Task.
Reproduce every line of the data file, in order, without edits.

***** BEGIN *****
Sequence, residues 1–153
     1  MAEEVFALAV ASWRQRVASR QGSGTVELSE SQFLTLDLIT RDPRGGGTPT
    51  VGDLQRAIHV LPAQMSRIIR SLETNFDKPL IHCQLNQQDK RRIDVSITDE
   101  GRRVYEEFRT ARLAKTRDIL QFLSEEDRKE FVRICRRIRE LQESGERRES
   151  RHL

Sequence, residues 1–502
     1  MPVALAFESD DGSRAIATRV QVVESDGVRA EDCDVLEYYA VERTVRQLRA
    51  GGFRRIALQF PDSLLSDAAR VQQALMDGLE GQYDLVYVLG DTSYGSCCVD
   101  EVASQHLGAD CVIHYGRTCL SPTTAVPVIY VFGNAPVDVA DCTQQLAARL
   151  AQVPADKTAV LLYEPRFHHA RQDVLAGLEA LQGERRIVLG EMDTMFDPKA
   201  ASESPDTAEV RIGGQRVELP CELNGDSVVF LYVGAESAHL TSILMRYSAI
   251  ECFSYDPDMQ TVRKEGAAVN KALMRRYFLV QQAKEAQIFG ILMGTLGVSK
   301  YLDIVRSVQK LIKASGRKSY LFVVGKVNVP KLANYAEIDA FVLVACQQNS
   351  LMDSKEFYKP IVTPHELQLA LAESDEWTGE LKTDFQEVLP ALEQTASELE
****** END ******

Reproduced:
Sequence, residues 1–153
     1  MAEEVFALAV ASWRQRVASR QGSGTVELSE SQFLTLDLIT RDPRGGGTPT
    51  VGDLQRAIHV LPAQMSRIIR SLETNFDKPL IHCQLNQQDK RRIDVSITDE
   101  GRRVYEEFRT ARLAKTRDIL QFLSEEDRKE FVRICRRIRE LQESGERRES
   151  RHL

Sequence, residues 1–502
     1  MPVALAFESD DGSRAIATRV QVVESDGVRA EDCDVLEYYA VERTVRQLRA
    51  GGFRRIALQF PDSLLSDAAR VQQALMDGLE GQYDLVYVLG DTSYGSCCVD
   101  EVASQHLGAD CVIHYGRTCL SPTTAVPVIY VFGNAPVDVA DCTQQLAARL
   151  AQVPADKTAV LLYEPRFHHA RQDVLAGLEA LQGERRIVLG EMDTMFDPKA
   201  ASESPDTAEV RIGGQRVELP CELNGDSVVF LYVGAESAHL TSILMRYSAI
   251  ECFSYDPDMQ TVRKEGAAVN KALMRRYFLV QQAKEAQIFG ILMGTLGVSK
   301  YLDIVRSVQK LIKASGRKSY LFVVGKVNVP KLANYAEIDA FVLVACQQNS
   351  LMDSKEFYKP IVTPHELQLA LAESDEWTGE LKTDFQEVLP ALEQTASELE